Rafah crossing with Egypt still a prison gate for many Palestinians in Gaza

7 December 2012

121207-crossing.jpg

Palestinians wait at the Rafah border crossing to travel from Gaza to Egypt
Palestinians wait at the Rafah border crossing to travel from Gaza to Egypt (Eyad al-Baba / APA images)

“I am on my way home,” I told my wife over the phone as I rode the bus back from the Egyptian terminal at the Rafah crossing with Gaza. “What?” she said surprised, “I thought you had already crossed into Egypt. It’s now almost 5pm! What is going on?”

Early on Thursday, I set off from our home in the Maghazi refugee camp in central Gaza, carrying my wife’s medical file, including the results of her latest MRI tests. My destination was Cairo, where I planned to show the new scans to my wife’s doctors who would decide on the latest course of treatment for her chronic cancer.

We have been making the arduous journey from Gaza to Cairo for her treatment for years, but this time I was going alone to spare her — and our children — the ordeal. I would come back and get her later if the doctors decided it was necessary.

During what I expected would be a visit of only a few days to the Egyptian capital, I also wanted to renew my press accreditation papers as my official Egyptian press pass expires at the end of the month.

Not without my wife

I arrived at the Rafah crossing terminal at about 10:30am and, like dozens of other travelers, began filling in the registration forms. I wrote that I wanted to cross for medical and other purposes.

After waiting a few hours, an officer at the crossing called my name, apparently so I could be questioned by Egypt’s “National Security” agency, previously known under the old regime as “State Security.”

“Why are you going to Egypt?” the officer asked. I explained my purpose and showed him all the papers I was carrying.

“I cannot let you pass unless your wife is with you,” he said.

“She is waiting at home for the doctor’s advice and we cannot leave our four children alone right now,” I answered.

He was not convinced and directed me to a nearby desk where intelligence officers were conducting checks.

Another officer took my passport and asked me to sit down and wait. Filled with anxiety, I waited, wondering if I would be allowed to pass, or be sent back into Gaza.

Restrictions on Palestinian men

Palestinian men from Gaza are allowed to cross into Egypt without so-called “coordination” — time-consuming permits and bureaucracy — only if they are over the age of 40. I am 39.

That was one of the measures to “ease” the blockade of Gaza taken after the 25 January 2011 revolution in Egypt.

Ironically, this is the same condition Israel imposes on allowing Palestinian men from the occupied West Bank to enter Jerusalem to pray in al-Aqsa Mosque.

But even though my age is below the magic number, I have been traveling back and forth from Egypt regularly.

As I was sitting thinking, the intelligence officer called my name, and I jumped up hoping I would be allowed to cross.

But he took me into a room, where there was another, more senior officer. The senior officer asked me the same questions, and I gave him the same answers.

“Please wait in the hall,” he said.

Waiting, hoping and smoking

Even after all the waiting I’d done, being asked to sit and wait some more still gave me hope. By about 4:00pm, no one had called my name, even though many other travelers had their passports stamped and were allowed to leave the hall en route to Egypt.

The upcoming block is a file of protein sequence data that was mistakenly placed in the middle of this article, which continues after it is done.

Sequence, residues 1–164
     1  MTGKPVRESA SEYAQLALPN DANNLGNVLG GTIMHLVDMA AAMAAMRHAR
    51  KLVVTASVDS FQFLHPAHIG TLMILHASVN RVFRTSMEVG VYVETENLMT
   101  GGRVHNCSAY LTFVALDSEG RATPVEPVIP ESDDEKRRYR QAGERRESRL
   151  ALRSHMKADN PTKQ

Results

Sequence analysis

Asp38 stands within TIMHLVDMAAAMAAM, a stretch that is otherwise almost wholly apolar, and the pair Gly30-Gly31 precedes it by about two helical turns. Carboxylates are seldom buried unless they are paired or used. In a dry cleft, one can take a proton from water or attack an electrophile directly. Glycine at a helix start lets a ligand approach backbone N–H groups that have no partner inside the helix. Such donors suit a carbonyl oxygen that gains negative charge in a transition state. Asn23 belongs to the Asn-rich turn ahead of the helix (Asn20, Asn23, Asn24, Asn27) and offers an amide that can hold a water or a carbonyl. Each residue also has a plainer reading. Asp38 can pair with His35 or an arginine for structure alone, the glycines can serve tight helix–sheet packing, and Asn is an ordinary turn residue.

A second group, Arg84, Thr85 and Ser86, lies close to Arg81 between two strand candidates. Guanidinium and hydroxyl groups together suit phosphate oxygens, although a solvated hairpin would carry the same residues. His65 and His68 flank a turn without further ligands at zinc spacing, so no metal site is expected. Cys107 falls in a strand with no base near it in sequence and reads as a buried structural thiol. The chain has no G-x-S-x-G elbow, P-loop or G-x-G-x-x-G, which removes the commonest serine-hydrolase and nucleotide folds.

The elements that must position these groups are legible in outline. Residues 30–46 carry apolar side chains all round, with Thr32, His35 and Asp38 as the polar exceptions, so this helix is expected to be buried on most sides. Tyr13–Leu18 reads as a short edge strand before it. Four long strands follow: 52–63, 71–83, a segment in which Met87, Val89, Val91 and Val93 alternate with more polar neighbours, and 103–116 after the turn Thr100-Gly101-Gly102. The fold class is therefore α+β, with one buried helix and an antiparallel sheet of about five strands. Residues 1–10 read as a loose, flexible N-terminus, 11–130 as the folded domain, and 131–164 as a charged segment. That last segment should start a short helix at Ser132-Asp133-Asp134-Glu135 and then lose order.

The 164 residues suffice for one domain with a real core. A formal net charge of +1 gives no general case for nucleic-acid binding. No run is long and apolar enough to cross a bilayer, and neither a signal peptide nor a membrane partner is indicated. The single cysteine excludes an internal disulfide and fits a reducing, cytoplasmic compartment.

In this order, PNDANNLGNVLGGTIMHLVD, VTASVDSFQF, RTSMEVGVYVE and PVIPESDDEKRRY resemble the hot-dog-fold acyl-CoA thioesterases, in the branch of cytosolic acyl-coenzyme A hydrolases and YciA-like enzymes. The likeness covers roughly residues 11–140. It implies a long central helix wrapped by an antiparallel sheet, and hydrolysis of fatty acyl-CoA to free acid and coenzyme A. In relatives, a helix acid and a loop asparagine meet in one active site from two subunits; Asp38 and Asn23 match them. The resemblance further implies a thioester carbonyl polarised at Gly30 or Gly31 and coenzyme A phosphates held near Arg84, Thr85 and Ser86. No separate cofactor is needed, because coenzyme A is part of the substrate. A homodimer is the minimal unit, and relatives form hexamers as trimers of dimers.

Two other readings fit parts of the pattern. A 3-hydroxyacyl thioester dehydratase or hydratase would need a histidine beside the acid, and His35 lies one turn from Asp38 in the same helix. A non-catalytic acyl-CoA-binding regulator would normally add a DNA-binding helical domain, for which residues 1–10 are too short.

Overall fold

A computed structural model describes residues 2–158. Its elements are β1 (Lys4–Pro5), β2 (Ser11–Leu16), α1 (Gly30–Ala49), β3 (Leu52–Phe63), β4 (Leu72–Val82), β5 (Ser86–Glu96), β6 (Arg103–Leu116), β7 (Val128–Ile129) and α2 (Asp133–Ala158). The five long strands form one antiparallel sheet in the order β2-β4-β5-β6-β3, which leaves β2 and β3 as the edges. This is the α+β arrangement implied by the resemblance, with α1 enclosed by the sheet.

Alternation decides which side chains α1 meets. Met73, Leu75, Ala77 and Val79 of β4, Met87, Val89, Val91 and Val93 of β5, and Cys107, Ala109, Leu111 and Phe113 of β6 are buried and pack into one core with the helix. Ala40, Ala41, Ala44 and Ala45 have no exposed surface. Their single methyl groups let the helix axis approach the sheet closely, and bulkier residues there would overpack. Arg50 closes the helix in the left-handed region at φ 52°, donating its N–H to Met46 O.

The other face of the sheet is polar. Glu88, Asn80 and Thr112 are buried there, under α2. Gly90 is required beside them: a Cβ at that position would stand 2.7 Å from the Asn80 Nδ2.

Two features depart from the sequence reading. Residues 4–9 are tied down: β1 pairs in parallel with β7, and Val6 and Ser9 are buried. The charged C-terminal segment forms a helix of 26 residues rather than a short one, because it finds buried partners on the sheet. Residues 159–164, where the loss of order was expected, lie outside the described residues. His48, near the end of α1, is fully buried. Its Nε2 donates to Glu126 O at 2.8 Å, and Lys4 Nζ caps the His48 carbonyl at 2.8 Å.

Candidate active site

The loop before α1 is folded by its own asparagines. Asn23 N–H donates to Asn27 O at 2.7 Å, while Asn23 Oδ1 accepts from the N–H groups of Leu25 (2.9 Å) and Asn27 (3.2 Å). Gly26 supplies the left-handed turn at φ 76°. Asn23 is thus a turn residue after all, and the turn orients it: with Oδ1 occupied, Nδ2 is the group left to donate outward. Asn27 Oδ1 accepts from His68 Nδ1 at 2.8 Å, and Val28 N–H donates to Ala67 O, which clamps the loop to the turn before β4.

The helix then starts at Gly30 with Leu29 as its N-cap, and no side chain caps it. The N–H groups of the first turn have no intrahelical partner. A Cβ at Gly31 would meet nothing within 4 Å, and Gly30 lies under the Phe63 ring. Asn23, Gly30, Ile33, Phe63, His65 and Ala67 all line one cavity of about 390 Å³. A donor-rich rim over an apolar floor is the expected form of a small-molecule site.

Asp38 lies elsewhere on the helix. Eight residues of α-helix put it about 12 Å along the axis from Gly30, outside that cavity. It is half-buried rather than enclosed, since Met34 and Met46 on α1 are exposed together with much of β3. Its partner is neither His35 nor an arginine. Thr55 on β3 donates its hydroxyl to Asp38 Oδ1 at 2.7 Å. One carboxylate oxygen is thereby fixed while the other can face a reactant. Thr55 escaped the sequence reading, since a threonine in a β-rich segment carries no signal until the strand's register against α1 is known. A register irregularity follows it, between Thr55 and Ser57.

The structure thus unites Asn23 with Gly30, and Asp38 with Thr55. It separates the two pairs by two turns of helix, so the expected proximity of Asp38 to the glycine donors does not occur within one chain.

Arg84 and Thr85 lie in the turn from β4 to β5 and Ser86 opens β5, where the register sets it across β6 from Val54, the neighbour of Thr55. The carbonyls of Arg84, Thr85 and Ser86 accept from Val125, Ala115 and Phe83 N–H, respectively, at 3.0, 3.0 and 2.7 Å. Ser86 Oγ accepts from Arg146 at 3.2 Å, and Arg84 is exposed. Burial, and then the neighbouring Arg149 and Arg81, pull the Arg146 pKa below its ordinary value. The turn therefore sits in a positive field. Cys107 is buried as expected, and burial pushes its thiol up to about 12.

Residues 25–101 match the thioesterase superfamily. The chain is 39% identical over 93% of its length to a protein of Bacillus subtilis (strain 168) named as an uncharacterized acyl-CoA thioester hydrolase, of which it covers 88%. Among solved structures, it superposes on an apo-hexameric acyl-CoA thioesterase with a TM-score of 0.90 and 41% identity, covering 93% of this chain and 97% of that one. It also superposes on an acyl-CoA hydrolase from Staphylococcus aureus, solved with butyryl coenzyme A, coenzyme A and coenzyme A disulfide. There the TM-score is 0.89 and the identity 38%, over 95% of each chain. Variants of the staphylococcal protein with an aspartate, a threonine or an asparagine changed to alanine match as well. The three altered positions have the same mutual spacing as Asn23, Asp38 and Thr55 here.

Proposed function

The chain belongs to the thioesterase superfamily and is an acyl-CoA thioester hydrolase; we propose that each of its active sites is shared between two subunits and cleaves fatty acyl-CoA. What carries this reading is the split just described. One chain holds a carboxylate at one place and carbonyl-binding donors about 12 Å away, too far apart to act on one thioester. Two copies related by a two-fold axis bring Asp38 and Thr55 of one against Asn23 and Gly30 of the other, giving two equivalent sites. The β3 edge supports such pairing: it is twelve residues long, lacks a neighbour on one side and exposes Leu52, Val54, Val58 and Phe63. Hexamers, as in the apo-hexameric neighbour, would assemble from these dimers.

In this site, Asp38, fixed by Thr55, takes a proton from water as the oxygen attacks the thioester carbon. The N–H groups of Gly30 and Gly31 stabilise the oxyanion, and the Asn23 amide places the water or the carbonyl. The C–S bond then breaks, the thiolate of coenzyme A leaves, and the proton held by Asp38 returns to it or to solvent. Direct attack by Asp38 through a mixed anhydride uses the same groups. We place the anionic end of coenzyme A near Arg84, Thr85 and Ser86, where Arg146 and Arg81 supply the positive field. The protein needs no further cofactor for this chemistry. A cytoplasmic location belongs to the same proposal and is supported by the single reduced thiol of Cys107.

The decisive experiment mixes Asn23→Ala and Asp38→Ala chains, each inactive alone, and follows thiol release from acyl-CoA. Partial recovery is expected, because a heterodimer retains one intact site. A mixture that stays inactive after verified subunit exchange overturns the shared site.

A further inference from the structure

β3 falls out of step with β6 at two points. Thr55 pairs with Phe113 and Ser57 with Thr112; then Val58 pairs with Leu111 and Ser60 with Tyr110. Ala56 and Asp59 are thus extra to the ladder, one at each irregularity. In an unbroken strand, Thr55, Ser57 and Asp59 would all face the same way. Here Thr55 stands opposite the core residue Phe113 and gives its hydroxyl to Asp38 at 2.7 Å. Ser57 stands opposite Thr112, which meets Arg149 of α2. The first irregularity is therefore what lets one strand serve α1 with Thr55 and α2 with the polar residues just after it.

Finally, after twice my usual intake of cigarettes, and only a bottle of juice all day, my name was called by a policeman carrying a big stack of passports in his hands.

“Yes sir,” I replied.

“Take your bags and wait right here,” he ordered.

My heart sank. I realized that I would most likely be sent back because along with a number of others I was asked to wait by the gate leading back to the Gaza side of the crossing.

Not giving up

I put my bags on the floor and asked the policeman to let me see the senior officer again. I spoke to two other personnel as gently as I could.

“I wonder why you are not allowing me to cross. Please look to my passport and see that I was even granted a temporary residency permit in your country last May, but it was never validated because I left Egypt before the procedure could be completed, because I had to go back to Gaza for some important matters.”

I pointed out that my passport was filled with Egyptian stamps. I read them the words off my Egyptian press pass: “Please provide whatever assistance the holder of this pass may need.”

I must have spoken well, for one of the two officers praised me. “You are an eloquent journalist and speaker,” he said. But words were not enough.

Sent back

Finally, I went back to the first intelligence officer who had appeared helpful in the beginning. But now his tone changed and he shouted at his subordinates, “Bring the security guards!”

I stopped talking right there, picked up my bags and went out to the bus that would take me back to the Gaza side.

That day, the Egyptian authorities at the Rafah crossing terminal turned back 38 Gazans, including myself.

As we were riding the bus, some of the rejected passengers spoke. One said he had paid $400 the Gaza-based coordination office to cross and he wondered why he was sent back. Another man in his late 20s said, “I did the needed coordination and I have an invitation letter for a conference in Turkey.”

A third, who was 21 and from Rafah city in Gaza, couldn’t hold back his tears: “Why did they send me back? I wanted to see my ailing uncle just there in on the Egyptian side of Rafah. He is alone and needs urgent help.”

It is two years since the Arab “revolutions” began, and the changes in Egypt brought much hope for people in Gaza. But for so many still waiting at Rafah, things are frustratingly the same.

Rami Almeghari is a journalist and university lecturer based in the Gaza Strip.